Home again after arriving last night at 9pm in the rain. We drove north from Auckland in appalling weather, all the way! My mother, Jill, is currently the Anglican Vicar (Priest-in-Charge is her proper title, I think) of the Parish of Whangarei, so we have a very convenient resting place half-way home, where we joined her for dinner and conversation.
This morning's first job was a whole-farm walk, to check on the welfare of all the animals. Nick had done a great job, keeping mobs of cattle moving to new paddocks as necessary, so they were all looking really good.
As is usual for me, after a trip south, I spent the next couple of weeks suffering the effects of some influenza-like virus I'd caught from some sick person along the way. Dismal. Every time this happens I swear I'll never leave home again!
From my window this morning, I could see the little heifers walking around on this side of one of the trees we fenced off a few weeks ago. A check with the binoculars showed that one of the new fence posts was broken and that there was wire all over the place! Stephan went over to have a look, returning to report that both posts were broken, presumably as a result of the fence having been run through by one or more of the calves. It seems extraordinary that they should have been able to apply so much pressure to the two electrified fence wires, to cause the posts to break, and for none of them to have any apparent injury. They've only been in the paddock since Saturday and I've heard no commotion.
Stephan took the tractor over, since there were a couple of posts to thump in, and repaired the fence. The onlookers ran around and watched from different vantage points throughout the job.
From my window this afternoon, I could see some suspicious activity in the mob of young bulls and pregnant R3 heifers, so went for a gentle stroll to investigate. 416, the one white-faced heifer in the mob, was attempting to mount one of the bulls and looked a little inclined to allow some reciprocation. Unless something has happened to her pregnancy, or is happening and causing a hormonal upset, she ought not to be interested in such activity at the moment. Her early udder development is on a par with that of the other heifers, so I'll just have to watch and see what happens and hope that nothing is amiss.
While I was out, I went to have a close look at the little heifers, but they really do all appear to be completely fine, with no wire cuts or any sign of tangles with fencing wire.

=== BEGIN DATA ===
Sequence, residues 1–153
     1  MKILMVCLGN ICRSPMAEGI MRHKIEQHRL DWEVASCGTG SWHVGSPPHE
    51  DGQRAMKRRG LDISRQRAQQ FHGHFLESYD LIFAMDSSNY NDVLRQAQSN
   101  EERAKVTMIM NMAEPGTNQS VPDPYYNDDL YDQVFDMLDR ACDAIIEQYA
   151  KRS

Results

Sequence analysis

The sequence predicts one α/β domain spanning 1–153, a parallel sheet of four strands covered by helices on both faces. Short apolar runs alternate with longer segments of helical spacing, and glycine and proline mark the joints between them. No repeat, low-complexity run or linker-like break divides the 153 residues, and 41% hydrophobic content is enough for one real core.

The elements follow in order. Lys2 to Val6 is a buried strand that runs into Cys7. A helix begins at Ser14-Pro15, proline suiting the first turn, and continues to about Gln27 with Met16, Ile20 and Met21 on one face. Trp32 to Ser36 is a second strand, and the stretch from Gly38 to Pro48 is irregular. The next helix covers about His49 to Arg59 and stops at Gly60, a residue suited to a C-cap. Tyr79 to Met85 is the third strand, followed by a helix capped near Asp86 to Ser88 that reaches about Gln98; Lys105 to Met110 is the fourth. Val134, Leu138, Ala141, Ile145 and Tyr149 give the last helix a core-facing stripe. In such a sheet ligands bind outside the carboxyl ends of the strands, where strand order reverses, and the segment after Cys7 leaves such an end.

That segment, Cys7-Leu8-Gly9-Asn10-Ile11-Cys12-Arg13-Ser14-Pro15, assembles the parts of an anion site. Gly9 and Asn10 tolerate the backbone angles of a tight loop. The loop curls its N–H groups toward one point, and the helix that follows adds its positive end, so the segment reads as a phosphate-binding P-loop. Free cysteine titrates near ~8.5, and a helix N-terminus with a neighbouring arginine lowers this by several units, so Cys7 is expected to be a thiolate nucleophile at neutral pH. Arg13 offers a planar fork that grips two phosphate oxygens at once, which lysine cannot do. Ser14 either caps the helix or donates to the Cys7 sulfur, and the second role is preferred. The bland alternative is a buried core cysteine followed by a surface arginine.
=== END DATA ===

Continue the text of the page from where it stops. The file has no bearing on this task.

This is 475, daughter of the grey cow #16, who had a close call when she was only a few days old, when there was a serious problem with her mother's milk-supply.
475, has looked fantastic since she recovered from that early trouble. Her conformation (bodily structure) is very nice and she has a lovely nature, probably partly influenced by that early handling. I also suspect that there's quite a strong inherited influence on her temperament, since her five-year-old paternal half-sister, #359, is quiet enough to stroke in the paddock.
Oh, here's that cat again...
Stephan disappeared for several hours today and eventually I went to find him, discovering him nearing the end of a creative process.
I've been suggesting for some time that we could do with some outside furniture, so he found a pattern in a magazine and built a chair! It has wide arm rests for the placement of refreshments and a good book.
The young pregnant heifers are beginning to make their condition obvious, with a sudden development of their udder areas. They're all looking really fantastic, with good levels of body condition, without being fat.
This is the youngest and biggest of them, 452, grand-daughter of grey 16. She was one of the last calves born two years ago, to 348.
This job gets more and more interesting every year! To see these animals, which were not much more than calves this time last year, now about to become mothers themselves, is really exciting. There are risks in breeding young heifers, but these are well-grown and are carrying calves sired by low-birthweight or easy-calving bulls. Reducing the generation gap to two years instead of the usual three, accelerates genetic gain in a herd considerably.
Walking back from checking some of the cows this afternoon, I discovered a couple of bits of lily plants which had fallen from a Puriri tree in the paddock next to Quadrille and 356. The cattle find them delicious and soon clean them up when they fall to the ground, so I dragged the plants over to the fence and heaved them over.
The steer's wound is almost (how many times have I written this?) healed over, but there still remains a finger-tip sized patch over which the skin hasn't yet grown. It appears to be making progress again at present, so perhaps the dampness of the atmosphere is facilitating the process.